Having been involved in efforts towards finding lasting peace in Nigeria’s rural communities over the years, I am witness to the fact that various methods and approaches have been utilised.
While not undermining the other methods, one overlooked approach I will recommend for lasting peace in Nigeria’s rural areas, is the adoption of the delineation, mapping and registration of rural lands as a peace and conflict policy.
From my observation, most conflicts over ownership of land start at the first level of exchange having to do with the transfer of ownership from land owned through family inheritance, clans or community ownership to third-party ownership.
Conflicts arise because original ownership of the land is disputed due to lack of or inadequate records as proofs.
Consequently, most ownerships are confirmed mainly by human witnesses which even when relied upon might be long gone when the disputes arise.
State governments, which are constitutionally vested with the authority over land administration, can create avenues for increasing synergy between administrators and actors of formal and informal land tenure holdings and create joint problem-solving forums based on mutual respect and adherence to rules and laws governing land administration in respective communities.
This approach is important because land conflicts in rural Nigeria are tied to every major conflict social, livelihood, economic modernisation conflicts and tensions witnessed.
With technological advancements, however, record keeping and mapping have become more accessible to people as anyone with a smartphone and access to GPRS signals could use it.
Consequently, state governments need to take advantage of the GIS technology to map rural land in the state and go further to support online fee-based publicly verifiable land ownership database.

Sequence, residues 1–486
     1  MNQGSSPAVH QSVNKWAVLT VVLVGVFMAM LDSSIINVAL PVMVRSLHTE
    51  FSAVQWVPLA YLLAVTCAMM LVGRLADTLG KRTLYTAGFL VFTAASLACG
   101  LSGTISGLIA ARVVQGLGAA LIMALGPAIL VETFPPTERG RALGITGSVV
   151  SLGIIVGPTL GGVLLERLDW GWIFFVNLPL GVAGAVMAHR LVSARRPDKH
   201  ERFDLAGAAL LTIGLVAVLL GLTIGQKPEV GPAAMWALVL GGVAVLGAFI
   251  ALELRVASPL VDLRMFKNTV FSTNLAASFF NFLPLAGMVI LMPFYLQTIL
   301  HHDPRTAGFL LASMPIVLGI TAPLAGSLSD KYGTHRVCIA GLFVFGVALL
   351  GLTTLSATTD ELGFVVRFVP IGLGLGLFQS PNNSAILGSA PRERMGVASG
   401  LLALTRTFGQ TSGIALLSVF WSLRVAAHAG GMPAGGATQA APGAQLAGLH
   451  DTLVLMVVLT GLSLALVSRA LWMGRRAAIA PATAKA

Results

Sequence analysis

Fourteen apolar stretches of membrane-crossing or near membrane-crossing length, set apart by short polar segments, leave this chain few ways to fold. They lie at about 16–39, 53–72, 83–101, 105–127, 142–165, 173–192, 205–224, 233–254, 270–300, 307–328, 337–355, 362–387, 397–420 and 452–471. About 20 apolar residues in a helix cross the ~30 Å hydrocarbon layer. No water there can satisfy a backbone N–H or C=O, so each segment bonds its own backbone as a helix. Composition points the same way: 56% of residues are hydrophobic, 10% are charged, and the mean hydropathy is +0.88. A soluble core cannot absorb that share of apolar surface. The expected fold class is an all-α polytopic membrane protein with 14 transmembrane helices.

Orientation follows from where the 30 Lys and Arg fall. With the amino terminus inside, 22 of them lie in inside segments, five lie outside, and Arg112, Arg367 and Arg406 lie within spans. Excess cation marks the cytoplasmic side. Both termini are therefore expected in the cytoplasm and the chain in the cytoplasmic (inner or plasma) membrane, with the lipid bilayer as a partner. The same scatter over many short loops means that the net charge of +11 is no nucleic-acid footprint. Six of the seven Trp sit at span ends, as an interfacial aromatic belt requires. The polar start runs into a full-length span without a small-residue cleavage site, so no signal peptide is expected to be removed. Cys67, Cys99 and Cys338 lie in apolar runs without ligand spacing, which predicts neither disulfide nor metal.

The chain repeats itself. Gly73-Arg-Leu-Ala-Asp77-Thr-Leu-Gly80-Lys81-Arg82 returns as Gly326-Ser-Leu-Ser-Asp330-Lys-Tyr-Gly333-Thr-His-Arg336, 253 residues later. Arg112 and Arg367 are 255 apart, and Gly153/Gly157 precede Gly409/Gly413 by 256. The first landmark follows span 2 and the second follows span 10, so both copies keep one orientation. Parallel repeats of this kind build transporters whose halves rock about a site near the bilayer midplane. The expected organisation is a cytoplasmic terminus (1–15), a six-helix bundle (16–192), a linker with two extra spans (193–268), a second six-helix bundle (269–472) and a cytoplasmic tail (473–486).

Furthermore, state governments need to take leadership in building the capacity and regulating the practices of the various stakeholders operating along the land administration and ownership ecosystem – especially those at the community level, where opportunities for abuse are rife because of multiple jurisdictions, multitude of operators, poor understanding and enforcement of the rules/laws.
To complement these efforts, there’s the need to make land administration services easily accessible at the rural areas by opening more land administration offices at the community and LGA levels, so they can be easily accessed by the majority rural populace.
Equally important, is the need to make these services affordable to the rural populace and land owners; most of the costs associated with mapping, delineation and registration are set at the national level, with Act No S18 LFN 2004 providing legal backing.
The Nigerian Governors Forum (NGF) in collaboration with the Surveyors Council of Nigeria and the National Assembly should work together to make the cost affordable as a necessary ingredient for national cohesion, economic prosperity and peace.
Since we are operating in the context of communities and diverse stakeholders, to ensure the success of the processes, there’s the need to take further measures like building an inclusive process, especially for minority and marginalised groups; develop trust among multiple stakeholders; broaden the participation of government (especially at the local government levels), the private sector and civil society organisations representing the interests of marginalised groups who would normally have a weak influence on government policies.
This is especially important so it responds to the needs at the local level, especially given that most of the violence takes place in rural areas.
The adoption of this strategy comes with numerous benefits.